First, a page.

With the six sigma methodology, defects are removed from the process so a more efficient means of running a business or project can occur. This was the original premise behind this methodology when it was created back in 1981 and still holds true today.
The six sigma methodology approach to quality is to attain as close to perfection as possible. This can be measured by statistical means when attempting to make the results 6 standard deviations from the mean and the nearest specification that it is set against. In easy to understand language this means the number of defects cannot be greater than 3.4 for every million produced.
One of the main reasons the six sigma methodology was developed was to maintain customer loyalty by reducing the number of defects, the variability in the product and all possible waste so a high quality deliverable can be produced at the lowest possible cost.
For all practical purposes when a company decides to deploy the six sigma methodology, they have made the decision to make a continuous and permanent change to the way they do business. This is since the principals being used in this process calls for continuous monitoring so improvements can be made.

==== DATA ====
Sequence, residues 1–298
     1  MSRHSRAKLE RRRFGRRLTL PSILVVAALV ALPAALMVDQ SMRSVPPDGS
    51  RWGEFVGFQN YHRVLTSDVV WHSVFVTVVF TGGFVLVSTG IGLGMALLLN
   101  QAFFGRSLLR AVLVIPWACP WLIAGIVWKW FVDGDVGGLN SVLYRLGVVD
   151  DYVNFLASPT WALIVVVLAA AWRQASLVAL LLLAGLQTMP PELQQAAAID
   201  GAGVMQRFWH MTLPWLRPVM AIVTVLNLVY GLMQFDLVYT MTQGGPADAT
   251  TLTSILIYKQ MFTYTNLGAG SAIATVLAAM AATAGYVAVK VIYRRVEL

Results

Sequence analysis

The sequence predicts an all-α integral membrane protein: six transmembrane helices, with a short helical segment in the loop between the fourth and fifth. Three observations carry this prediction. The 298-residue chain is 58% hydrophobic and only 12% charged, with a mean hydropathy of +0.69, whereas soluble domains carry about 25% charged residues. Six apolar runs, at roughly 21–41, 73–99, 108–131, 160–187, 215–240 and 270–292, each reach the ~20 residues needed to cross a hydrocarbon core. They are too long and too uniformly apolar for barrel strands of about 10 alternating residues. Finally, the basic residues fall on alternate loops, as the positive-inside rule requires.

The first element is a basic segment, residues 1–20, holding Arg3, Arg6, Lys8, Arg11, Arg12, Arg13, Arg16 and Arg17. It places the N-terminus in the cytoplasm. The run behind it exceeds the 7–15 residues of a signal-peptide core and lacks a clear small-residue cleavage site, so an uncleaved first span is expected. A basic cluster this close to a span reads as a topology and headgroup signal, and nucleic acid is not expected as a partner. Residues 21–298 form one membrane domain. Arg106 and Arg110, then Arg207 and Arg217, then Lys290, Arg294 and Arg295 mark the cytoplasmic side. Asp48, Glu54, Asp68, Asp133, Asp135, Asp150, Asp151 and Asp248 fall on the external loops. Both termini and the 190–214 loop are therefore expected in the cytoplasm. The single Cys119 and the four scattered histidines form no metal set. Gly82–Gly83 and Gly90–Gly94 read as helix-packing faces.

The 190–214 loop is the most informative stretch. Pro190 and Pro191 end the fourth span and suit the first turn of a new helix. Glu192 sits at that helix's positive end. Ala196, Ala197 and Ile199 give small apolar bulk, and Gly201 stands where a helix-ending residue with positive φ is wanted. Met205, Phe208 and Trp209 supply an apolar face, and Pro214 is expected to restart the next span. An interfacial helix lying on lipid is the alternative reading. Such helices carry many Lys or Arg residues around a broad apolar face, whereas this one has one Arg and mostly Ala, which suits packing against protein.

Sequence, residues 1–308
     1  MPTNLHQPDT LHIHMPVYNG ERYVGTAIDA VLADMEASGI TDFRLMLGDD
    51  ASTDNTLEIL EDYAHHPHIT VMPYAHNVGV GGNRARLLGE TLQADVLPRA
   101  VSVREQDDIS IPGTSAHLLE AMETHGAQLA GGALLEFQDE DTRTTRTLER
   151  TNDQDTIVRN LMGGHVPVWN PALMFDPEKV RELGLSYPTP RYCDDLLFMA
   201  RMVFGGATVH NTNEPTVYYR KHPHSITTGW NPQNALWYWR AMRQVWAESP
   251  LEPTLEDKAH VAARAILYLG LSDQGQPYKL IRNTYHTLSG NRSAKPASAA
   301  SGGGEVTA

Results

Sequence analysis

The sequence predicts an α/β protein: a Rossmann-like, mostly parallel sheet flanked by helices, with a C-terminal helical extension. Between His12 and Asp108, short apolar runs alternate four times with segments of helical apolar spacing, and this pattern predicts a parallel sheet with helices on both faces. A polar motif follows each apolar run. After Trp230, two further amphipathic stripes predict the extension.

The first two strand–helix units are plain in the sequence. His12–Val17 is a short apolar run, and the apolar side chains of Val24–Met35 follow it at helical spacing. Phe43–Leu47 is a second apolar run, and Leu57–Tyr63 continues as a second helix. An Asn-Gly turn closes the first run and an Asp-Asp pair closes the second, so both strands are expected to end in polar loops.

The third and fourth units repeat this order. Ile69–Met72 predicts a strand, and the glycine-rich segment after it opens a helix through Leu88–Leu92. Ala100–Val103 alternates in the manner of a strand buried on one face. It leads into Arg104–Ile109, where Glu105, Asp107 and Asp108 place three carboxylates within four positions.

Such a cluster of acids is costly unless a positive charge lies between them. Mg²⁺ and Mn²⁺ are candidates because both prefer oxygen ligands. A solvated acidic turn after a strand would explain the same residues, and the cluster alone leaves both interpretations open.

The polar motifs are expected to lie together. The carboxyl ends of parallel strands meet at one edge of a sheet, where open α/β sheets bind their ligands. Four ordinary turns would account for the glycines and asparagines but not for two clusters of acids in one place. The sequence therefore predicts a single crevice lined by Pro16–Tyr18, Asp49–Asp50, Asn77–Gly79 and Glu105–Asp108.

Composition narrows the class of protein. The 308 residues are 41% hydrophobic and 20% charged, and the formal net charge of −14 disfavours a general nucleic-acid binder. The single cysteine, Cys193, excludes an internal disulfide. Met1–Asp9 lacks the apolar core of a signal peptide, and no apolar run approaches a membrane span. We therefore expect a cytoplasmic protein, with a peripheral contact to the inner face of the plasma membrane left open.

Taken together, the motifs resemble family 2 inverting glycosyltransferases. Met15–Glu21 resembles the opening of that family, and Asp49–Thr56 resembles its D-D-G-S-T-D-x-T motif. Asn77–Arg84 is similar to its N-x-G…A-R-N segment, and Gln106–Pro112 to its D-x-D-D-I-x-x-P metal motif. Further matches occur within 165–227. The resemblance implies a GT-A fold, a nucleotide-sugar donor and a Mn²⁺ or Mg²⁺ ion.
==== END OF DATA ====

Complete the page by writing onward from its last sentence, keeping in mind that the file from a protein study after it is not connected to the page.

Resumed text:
A side benefit of the six sigma methodology is by eliminating all possible waste in a production line and the way business is conducted, there is a revenue savings that automatically occurs. This allows for greater profits and the possibility that a reduction in the price can occur for the customers.
The implementation of the six sigma methodology has been seen in nearly every industry. Not only for the cost savings features of the program, but to get an edge on the competition. With the goal of continuous improvement, the true beneficiary is the customers of the deliverables.
There are many variations and tools associated with the six sigma methodology. The one that correctly fits your business is dependent on what you are producing and how you are creating it. This is definitely not a case of one size fits all.